How would you describe the differences right now in the single-family rental space versus the build for rent space?

Cheaper debt for BTR and they can create their supply. Also, the large multifamily operators can wrap their heads around BTR and come into the space in a big way. Operationally it is much easier to manage than SFR. The scattered site SFR space will always be there. AT 15M+ homes that the institutional investors have barely touched,  don’t count out SFR. Only some people want to live in a rental community. There is something to be said for living amongst owner-occupied homes. For all the reasons above about supply, this will change at some point. Again, the need for rentals will be around for a while. The housing finance system is stacked against consumers.

Where do you see the biggest opportunities over the next five years in this space?

There are many opportunities. As the space evolves, allowing institutional investors to invest through local operators who hire local vendors will grow. Many markets need more professionally managed rental housing, which is hard for the capital to reach. A few groups are building robust marketplaces which will allow this to happen. Some are focused on small investors like Roofstock. Some are focused on more prominent investors like Avenue One. I also have become very intrigued by the Home Equity Investment space. In the next 1-3 years, that industry will grow exponentially. The ability for a home-owner or investor to sell their equity and keep the low-interest rate is enormous. Add the tax advantages; I see this space as a big win. Groups like Bonus Homes on the SFR HEI side and Unlock on the owner-occupied side will make big moves. Some groups like HEX are building the marketplace to support this could be a big winner.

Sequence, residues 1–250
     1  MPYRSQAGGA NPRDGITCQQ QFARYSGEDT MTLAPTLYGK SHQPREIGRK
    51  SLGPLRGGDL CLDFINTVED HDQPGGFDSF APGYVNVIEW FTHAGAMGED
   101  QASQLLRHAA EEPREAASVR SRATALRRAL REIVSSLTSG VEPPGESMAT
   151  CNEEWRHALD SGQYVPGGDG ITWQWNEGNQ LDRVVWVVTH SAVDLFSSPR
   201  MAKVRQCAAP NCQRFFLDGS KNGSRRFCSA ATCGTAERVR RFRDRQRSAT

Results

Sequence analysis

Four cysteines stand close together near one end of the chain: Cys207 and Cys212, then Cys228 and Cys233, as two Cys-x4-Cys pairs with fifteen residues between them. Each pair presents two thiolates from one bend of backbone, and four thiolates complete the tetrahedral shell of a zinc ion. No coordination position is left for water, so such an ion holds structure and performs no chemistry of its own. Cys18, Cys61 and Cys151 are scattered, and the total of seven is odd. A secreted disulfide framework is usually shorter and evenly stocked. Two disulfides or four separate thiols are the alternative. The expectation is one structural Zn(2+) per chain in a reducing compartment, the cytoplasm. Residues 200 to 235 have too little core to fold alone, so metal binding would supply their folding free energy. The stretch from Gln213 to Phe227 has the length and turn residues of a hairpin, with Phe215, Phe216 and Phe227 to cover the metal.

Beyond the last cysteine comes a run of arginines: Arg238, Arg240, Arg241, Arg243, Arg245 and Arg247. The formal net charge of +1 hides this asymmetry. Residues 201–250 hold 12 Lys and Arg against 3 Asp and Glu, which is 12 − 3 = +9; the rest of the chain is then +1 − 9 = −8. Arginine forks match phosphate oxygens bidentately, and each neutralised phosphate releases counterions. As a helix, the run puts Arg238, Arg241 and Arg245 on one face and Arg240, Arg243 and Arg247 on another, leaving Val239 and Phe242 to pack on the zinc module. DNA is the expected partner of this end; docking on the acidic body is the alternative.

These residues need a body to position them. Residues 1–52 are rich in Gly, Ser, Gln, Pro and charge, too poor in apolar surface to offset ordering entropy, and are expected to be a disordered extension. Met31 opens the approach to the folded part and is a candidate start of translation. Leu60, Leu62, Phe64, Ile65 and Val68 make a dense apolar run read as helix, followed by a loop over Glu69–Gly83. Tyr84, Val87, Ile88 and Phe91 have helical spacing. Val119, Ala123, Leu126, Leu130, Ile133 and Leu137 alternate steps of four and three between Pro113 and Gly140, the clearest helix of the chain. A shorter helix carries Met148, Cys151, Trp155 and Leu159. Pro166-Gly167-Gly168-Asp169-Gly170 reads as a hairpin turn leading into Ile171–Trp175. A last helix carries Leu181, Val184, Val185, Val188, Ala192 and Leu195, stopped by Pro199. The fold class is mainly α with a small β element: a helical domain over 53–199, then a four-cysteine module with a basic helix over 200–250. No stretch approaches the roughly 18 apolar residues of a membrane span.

Institutional homebuying is a relatively small piece of the investor-buying pie—let alone the overall homebuying pie—it gets scrutinized a lot. Some onlookers say institutional firms are helping to drive up home prices. How do you respond to those types of complaints?

I spend much of my time trying to debunk the misconceptions about this. As I mentioned, there needs to be more homes. Every home a home buyer buys is also taking one away from a renter. Rental houses have been around for a very long time in a big way. Homeownership has stayed steady for the last several years. Even though it has increased by quite a bit in the previous few years. The demographics of renters have also changed with renters who make more income and rent by choice. This didn’t just happen by chance. It coincided with the rise of the institutional investor. Renting from a professional landlord gives certainty that the home will get sold from somewhere other than under the renter. Believe it or not, institutional investors are filling a need and providing well-maintained, well-managed homes to renters. Most of the time, these investors take older homes that exceed the repair threshold a homeowner is willing to take on. Further, with the institutional investor only about 3% of the rental housing stock, it doesn’t make sense that they could move the market very much. There are specific markets with a  high concentration. The fact is that they would only buy the home if the numbers worked. They need to set the rent above what the market will take. We see this all the time. If you ask too much, the market tells you.

Our housing finance system is broken. The need for housing is only increasing. The housing market in this country relies on private investors to build new and renovate old housing stock for people to live in. Once that changes, we will only rely on these private investors to provide homes. They will also be entitled to the risk-return for doing this.  I say all this while the small investor dominates the single-family rental market and will for a long time, unlike multifamily, which is around 50% institutionalized. I don’t see the single-family rental space going above 10% for a long time. Remember that the regulations against large investors often hurt the smaller investor.

Want to stay updated on the housing market? Follow me on Twitter at @NewsLambert.